Notice who's at the bottom, and who is at the top...It pretty much confirms what we all know. Thing is, outmigration from wealthy states is quite common. The reason is high bid rents, housing prices, and taxes impact affordability. Quite simply, poor working-class people can't afford to live well in wealthy states. Many have to leave in order to locate viable, low-skill labor, and lower cost of living. That's just how migration works. Is it fair? Absolutely not...

That said, it'll be a cold-day in heck when I voluntarily leave my scenic, cozy & centrally-located Hudson Valley, NY community for West Virginia. You couldn't pay me to live there or any other "bottom-30" state.

LOL. Travel. Things change. Des Moines, Iowa - # in US insurance jobs, #3 in world.


Nashville Tn now has more jobs at UBS than Stamford, Ct.


Welcome to the 21st century, and don't feel bad. HRC wrongly thought the Acela Belt was all that mattered , too. That's why she suffered a crushing defeat.
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Old 12-05-2016, 08:34 PM
 
Location: Western Asia
3,187 posts, read 1,443,172 times
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California, Massachusetts, Vermont, Hawaii, Maryland, New York, Illinois, Rhode Island, New Jersey, and Connecticut. Interesting that the 10 state with the largest HRC margins all have outward domestic migration, despite the fact as someone mentioned these in general are the richest states in income average. So people from these state (especially if you migrated out), why leave a state with such riches?


My working theory is that they are the most expensive to live in and if you retire or lose your job, you leave to live better in the cheaper red states.


Conversely, all 10 state that were the highest % voting Trump (Wyoming, West Virginia, Oklahoma, North Dakota, Kentucky, Tennessee, South Dakota, and Idaho) all won with domestic migration. Again, why? In general these tend to be lower income and cost states.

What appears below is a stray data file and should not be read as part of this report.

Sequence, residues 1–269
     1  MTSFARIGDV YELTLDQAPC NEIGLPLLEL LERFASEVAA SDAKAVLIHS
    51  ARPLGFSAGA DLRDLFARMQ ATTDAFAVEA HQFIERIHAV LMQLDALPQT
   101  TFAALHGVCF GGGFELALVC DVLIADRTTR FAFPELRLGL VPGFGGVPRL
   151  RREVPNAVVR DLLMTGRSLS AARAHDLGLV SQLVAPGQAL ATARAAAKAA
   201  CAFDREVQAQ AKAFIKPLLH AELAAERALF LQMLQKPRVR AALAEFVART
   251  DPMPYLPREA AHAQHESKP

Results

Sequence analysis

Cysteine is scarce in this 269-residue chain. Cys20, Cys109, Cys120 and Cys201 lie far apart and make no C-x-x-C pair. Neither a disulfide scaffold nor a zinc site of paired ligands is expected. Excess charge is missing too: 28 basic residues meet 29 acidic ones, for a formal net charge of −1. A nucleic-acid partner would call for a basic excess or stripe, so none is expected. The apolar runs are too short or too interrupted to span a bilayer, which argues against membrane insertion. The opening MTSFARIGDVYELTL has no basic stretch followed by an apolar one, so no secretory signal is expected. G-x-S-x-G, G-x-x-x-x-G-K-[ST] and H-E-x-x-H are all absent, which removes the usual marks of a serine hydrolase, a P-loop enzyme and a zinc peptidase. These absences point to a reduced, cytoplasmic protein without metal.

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Old 12-05-2016, 09:06 PM
 
604 posts, read 352,196 times
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I think that those "blue" states are going to get truly clobbered when the next recession hits, especially if the stock market tanks. Ironically, many depend on taxes on capital gains to keep afloat although they follow policies which drive companies and people away. Should be interesting.
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Old 12-05-2016, 09:32 PM
 
13,032 posts, read 6,230,078 times
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The problem with those who leave blue states and move to red ones --- Many of them bring the infection with them. In other words, they complain bitterly about the direction their blue state is taking, saying they want to move. The trouble is that they move to red states and vote for the same types of people who ruined their blue state. So, they then go on to ruin a red state.

OTOH, if, while living in their blue state, they voted against the grain (voted conservatively) and moved to a red state and continued to vote conservatively, it's a different story.
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Old 12-05-2016, 09:51 PM
 
Location: St. Louis
7,184 posts, read 5,415,000 times
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Quote:
Originally Posted by JamaicaOnTheHudson View Post
The states you mentioned are also the wealthiest in the country. California is #1 and New York State #3. New York City is the wealthiest municipality in the United States, and one of the wealthiest in the world. To compare, Oklahoma's GDP of 139Billion with New York's 1.3Trillion is ridiculous.

As for the "Red States" here are a couple lists: